Monday, April 19, 2010

How Much Should I Spend?

How much do I have to spend to get a good bottle of wine? I hear that a lot and I have some thoughts.

First, it all depends on what you think is "good." If you like Little Penguin's Shiraz - by all means, buy it and drink it! It's not exceptionally interesting, but it smells and tastes a little bit like fake strawberry candy. It is a wine - a real wine and it's $5 to $6 a bottle and available just about everywhere. If that doesn't do it for you, find out what you like. Read this blog. Read other websites about wine. Go to tastings or wine restaurants. Talk to your wine merchant. Try different wines at different prices. One way or another, see what is out there.

Once you know what your tastebuds prefer, you can start to hone in on price. I try to keep my price under $15, but I am willing to spend up to $20 if it looks like an exceptional value. My average bottle is about $12 and you will read about a lot of wines in the 8 to 15 dollar range on this site.

The most common myth in the wine world is that you get what you pay for... that a $25 wine will necessarily taste better than $10 bottle of the same varietal.
Wrong. So many factors are actually at play here: brand recognition, vineyard size, harvest yield, bottling costs, etc. Not to mention your own palate (as we discussed above).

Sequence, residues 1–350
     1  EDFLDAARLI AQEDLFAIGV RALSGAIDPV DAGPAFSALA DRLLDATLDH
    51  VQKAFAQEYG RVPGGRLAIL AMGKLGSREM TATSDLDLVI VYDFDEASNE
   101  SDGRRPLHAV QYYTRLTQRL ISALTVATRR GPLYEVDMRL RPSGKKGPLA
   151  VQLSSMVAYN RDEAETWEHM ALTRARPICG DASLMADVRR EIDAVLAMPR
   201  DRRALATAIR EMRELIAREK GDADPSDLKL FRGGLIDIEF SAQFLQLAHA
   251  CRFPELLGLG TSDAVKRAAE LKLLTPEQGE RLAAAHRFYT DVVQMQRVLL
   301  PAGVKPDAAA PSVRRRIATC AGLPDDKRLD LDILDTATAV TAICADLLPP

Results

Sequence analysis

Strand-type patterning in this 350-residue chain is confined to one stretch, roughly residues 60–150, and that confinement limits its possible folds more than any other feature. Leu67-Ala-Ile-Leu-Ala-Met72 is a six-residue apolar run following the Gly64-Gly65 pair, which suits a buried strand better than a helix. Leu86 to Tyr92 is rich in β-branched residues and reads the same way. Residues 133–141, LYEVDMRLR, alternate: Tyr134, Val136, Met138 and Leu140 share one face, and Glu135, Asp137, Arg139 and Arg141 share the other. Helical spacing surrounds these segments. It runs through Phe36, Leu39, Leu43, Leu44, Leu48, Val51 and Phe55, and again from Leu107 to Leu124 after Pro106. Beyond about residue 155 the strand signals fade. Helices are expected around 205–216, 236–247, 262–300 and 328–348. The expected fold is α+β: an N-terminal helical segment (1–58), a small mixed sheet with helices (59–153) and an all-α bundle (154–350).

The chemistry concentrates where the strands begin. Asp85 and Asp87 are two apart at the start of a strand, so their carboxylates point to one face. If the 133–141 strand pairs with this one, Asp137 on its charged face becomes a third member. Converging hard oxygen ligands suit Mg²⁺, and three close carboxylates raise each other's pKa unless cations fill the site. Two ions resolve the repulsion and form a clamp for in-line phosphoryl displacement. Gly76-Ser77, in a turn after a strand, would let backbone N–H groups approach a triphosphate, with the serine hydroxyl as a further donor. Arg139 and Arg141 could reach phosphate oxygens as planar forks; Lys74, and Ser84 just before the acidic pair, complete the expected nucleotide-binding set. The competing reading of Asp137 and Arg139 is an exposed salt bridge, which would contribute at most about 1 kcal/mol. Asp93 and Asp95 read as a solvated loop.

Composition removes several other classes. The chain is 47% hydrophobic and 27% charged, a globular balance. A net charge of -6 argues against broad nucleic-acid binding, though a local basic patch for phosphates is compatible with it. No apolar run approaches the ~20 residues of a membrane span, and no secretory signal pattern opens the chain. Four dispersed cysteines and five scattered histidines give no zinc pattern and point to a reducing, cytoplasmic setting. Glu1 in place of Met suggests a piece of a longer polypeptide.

Take my current muse - Petite Sirah. I recently rated a
Trentadue Petite Sirah. At $18, Trentadue is a price point above the $11 Bogle Petite Sirah. I gave both wines 4.5 of 5 glasses. Both wines were fantastic in my opinion, but the Bogle leaves an extra $7 in your pocket!

There are a lot of resources out there for people in the <$20 range.

  • has a list of 90+ point wines under $20
  • WineLibrary offers their best selling under $20
  • MyWinesDirect sells a lot of six-packs for $70 to $100 (that's $12 to $17 per bottle)

On top of that there are many other blogs like this (but read this one please).

But despite all these resources screaming $20 and under people continue to believe the "good wines" are expensive. I did too, until I read a book. Miles Gone By, William F. Buckley Jr.'s autobiography is one of my favorite books. Now I'm not going to get all political here - so don't get your panties in a bunch. I just want to talk about his approach to wines.

In a chapter of Miles, Buckley discusses his wine purchasing during the 1980's. Although money was certainly not an issue, Buckley endeavored to find the best wines he could under $10. When he found such a gem, he would buy up as much of it as he could and stock his cellar. Years down the road, those $10 wines had softened and matured and become truly fantastic specimens that Buckley shamelessly served in his home (to the delight of such guests such as Margaret Thatcher and Ronald Reagan... heavy hitters).

Adjust that $10 for inflation and you get $20 in 2010 dollars. So if Buckley were buying today he'd be buying in this range - and if it's good enough for presidents and prime ministers, it's good enough for the rest of us... right?

So get out there and try that $8 Pinot Noir. Treat yourself to that $14 Syrah. Pony up the dough for that $3 Merlot. Know your tastes and your budget and most of all, have fun tasting!

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